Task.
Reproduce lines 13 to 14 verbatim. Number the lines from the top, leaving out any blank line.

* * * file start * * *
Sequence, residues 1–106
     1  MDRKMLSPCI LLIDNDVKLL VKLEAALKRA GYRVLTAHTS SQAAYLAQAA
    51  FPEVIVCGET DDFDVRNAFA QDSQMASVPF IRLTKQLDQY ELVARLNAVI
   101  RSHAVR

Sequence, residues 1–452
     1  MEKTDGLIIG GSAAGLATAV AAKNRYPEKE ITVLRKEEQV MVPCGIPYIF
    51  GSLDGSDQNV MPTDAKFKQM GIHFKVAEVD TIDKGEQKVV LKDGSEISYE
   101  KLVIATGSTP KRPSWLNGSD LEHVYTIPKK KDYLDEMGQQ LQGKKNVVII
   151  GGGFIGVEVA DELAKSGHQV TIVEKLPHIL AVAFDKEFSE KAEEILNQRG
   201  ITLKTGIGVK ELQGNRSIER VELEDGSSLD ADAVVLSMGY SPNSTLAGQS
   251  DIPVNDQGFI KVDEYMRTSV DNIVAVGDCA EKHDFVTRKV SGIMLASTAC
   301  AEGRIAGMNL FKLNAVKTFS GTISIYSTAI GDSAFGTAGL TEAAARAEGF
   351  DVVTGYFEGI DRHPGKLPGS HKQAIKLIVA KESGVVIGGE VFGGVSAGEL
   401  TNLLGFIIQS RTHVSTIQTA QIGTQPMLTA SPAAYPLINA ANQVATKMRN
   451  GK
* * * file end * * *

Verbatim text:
   351  DVVTGYFEGI DRHPGKLPGS HKQAIKLIVA KESGVVIGGE VFGGVSAGEL
   401  TNLLGFIIQS RTHVSTIQTA QIGTQPMLTA SPAAYPLINA ANQVATKMRN